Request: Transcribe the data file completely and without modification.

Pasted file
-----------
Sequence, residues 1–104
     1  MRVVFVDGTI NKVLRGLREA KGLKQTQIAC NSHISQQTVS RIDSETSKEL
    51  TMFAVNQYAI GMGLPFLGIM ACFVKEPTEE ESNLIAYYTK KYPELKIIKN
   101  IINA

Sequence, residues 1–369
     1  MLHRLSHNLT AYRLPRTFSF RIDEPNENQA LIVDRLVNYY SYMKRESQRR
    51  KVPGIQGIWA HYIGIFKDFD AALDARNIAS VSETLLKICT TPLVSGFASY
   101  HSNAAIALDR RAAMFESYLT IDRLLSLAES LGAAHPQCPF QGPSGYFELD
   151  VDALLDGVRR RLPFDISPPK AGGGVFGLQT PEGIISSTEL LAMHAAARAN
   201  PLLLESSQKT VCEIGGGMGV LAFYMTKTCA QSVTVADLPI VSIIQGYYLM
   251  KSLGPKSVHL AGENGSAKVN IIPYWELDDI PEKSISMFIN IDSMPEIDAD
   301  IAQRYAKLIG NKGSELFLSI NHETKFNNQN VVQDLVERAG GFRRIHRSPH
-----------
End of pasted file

Sequence, residues 1–104
     1  MRVVFVDGTI NKVLRGLREA KGLKQTQIAC NSHISQQTVS RIDSETSKEL
    51  TMFAVNQYAI GMGLPFLGIM ACFVKEPTEE ESNLIAYYTK KYPELKIIKN
   101  IINA

Sequence, residues 1–369
     1  MLHRLSHNLT AYRLPRTFSF RIDEPNENQA LIVDRLVNYY SYMKRESQRR
    51  KVPGIQGIWA HYIGIFKDFD AALDARNIAS VSETLLKICT TPLVSGFASY
   101  HSNAAIALDR RAAMFESYLT IDRLLSLAES LGAAHPQCPF QGPSGYFELD
   151  VDALLDGVRR RLPFDISPPK AGGGVFGLQT PEGIISSTEL LAMHAAARAN
   201  PLLLESSQKT VCEIGGGMGV LAFYMTKTCA QSVTVADLPI VSIIQGYYLM
   251  KSLGPKSVHL AGENGSAKVN IIPYWELDDI PEKSISMFIN IDSMPEIDAD
   301  IAQRYAKLIG NKGSELFLSI NHETKFNNQN VVQDLVERAG GFRRIHRSPH